Jane Austen was extremely skilled at integrating new characters into her novels. She often gives them an initial role which has immediate impact, as a catalyst – rescuer, admirer, jealous rival – and then we watch as these roles change and develop and find essential integration with the core dilemmas explored in the novel. Giving a new character a task or role, then, via which they come bursting onto the scene may be one way to ensure that reader resistance is swiftly and effectively overcome and that the new character has immediate life. Jane Austen brilliantly understood that with the appearance of the new, we anticipate change or movement or alteration of some kind as, for instance, the lives of the Dashwood sisters in Sense and Sensibility are altered for ever by the appearance of the faithless Willoughby. Here, the new has disturbed the surface of the narrative to brilliant and devastating effect.

If we think of a narrative in musical terms, it can be extremely effective to give to the new arrival a new and different tone or pace. Perhaps he brings seriousness to what was a fast-moving scene or subversive wit to a slow-paced one. Perhaps the cadences of his speech have a particularity which sets him apart from everybody we’ve met up till now. Perhaps he brings with him a sudden change of emotional key, steering the narrative towards terror or sorrow, trouble or salvation.

Remember, above everything, that long, detailed descriptions of new characters are likely to be indigestible (and therefore not absorbed by the reader) and to slow the narrative. Only tell us what we need to know in order to be able to visualise or hear the new arrival at the point of his entry into the story. Reveal all the rest slowly, at moments when these revelations will have meaning and consequence. We can’t – and don’t want to – know everything about a new acquaintance in our real lives the moment we set eyes on him; we enjoy making our own slow discoveries. So, in fiction, gaining deep knowledge of a character is rewarding and absorbing and the reader shouldn’t be denied this pleasure.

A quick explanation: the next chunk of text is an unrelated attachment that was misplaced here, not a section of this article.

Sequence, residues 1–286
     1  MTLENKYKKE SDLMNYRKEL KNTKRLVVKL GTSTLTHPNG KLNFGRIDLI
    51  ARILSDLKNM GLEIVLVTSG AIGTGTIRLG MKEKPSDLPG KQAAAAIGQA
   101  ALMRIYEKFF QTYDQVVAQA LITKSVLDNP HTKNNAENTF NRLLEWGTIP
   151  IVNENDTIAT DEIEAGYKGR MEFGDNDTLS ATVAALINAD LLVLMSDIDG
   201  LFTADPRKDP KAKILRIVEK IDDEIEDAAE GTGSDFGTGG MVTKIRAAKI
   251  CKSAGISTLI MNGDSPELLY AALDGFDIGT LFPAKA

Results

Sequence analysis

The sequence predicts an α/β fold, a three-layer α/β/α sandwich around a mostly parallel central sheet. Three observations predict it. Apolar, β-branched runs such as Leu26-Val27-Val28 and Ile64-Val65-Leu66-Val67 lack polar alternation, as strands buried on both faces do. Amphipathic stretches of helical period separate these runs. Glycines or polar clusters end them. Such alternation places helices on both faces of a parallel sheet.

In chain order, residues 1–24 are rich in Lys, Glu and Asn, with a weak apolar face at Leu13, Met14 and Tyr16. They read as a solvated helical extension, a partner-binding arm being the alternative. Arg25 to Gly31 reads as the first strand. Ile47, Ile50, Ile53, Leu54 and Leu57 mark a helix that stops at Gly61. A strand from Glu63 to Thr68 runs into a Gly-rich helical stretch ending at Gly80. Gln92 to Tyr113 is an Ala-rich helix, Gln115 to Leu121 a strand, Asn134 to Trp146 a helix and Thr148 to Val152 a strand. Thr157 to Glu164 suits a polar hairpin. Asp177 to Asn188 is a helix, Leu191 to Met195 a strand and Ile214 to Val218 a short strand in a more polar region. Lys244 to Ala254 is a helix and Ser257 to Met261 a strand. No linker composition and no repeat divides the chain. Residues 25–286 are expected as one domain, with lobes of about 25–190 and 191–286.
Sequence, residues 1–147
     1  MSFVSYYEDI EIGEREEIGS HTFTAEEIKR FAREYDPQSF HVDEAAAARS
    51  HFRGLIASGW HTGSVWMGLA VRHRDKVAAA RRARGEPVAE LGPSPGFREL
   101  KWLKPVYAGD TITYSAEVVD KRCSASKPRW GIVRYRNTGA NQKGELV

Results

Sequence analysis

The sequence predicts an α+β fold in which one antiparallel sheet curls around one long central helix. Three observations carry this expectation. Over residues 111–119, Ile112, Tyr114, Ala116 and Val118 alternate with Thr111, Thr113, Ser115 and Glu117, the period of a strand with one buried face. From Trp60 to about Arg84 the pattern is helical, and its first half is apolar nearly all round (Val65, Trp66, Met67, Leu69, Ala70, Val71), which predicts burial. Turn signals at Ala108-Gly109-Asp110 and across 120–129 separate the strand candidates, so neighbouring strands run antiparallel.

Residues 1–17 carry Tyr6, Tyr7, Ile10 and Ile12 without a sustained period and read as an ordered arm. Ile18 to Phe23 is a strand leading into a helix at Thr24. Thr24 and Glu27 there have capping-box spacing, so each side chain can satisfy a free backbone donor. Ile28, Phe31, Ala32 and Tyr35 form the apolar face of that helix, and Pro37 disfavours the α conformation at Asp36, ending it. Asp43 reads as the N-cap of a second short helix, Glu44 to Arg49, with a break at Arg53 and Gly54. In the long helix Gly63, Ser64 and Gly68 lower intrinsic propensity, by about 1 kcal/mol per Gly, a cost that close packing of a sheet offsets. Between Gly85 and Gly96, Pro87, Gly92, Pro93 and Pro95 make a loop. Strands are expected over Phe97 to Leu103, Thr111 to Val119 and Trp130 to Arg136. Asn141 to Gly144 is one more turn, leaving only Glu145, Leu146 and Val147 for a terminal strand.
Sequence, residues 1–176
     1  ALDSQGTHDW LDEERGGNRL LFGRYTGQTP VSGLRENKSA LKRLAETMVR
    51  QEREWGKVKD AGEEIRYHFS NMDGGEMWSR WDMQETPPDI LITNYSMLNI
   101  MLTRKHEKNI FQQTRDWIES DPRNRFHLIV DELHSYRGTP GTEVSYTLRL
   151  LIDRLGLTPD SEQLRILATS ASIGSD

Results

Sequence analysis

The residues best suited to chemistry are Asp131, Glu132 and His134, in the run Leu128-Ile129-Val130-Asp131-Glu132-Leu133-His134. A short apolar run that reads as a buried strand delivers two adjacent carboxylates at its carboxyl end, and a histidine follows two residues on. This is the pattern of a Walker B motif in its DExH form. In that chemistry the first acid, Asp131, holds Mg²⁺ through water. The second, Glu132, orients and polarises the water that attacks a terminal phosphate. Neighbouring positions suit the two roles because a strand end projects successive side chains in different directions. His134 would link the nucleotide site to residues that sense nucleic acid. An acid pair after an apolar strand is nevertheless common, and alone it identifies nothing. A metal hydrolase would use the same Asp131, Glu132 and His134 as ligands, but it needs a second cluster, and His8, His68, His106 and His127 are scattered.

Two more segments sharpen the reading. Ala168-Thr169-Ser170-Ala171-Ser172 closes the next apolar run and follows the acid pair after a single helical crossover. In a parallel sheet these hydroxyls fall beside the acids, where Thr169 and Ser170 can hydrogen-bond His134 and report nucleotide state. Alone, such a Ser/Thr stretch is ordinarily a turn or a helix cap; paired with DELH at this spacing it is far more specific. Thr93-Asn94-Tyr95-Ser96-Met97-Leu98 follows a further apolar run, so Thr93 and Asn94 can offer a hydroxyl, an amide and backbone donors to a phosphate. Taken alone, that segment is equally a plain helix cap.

The Journey and the Process
Some writers, the late Malcolm Bradbury among them, have told me that they have to know the ending to a novel in advance of writing, otherwise they don’t know what they’re driving towards. Bradbury suggested that, sometimes, a novel is more or less written backwards, from that known ending. There’s no reason why this shouldn’t be a fruitful way to work. But I would find it very difficult to know precisely how the story was going to end up. For me, the discovery of what happens is one of the greatest delights of writing fiction. I would find it too imprisoning to plan an ending from which I wasn’t able to deviate.I know also, that characters almost invariably develop on the page. You, the author, will know a certain amount about them before introducing them, but they will undergo some change as the ‘journey’ of the book unfolds. Be alert to this alteration and make sure they don’t start doing improbable things or suddenly take on a fatal invisibility where once they were vibrant and alive.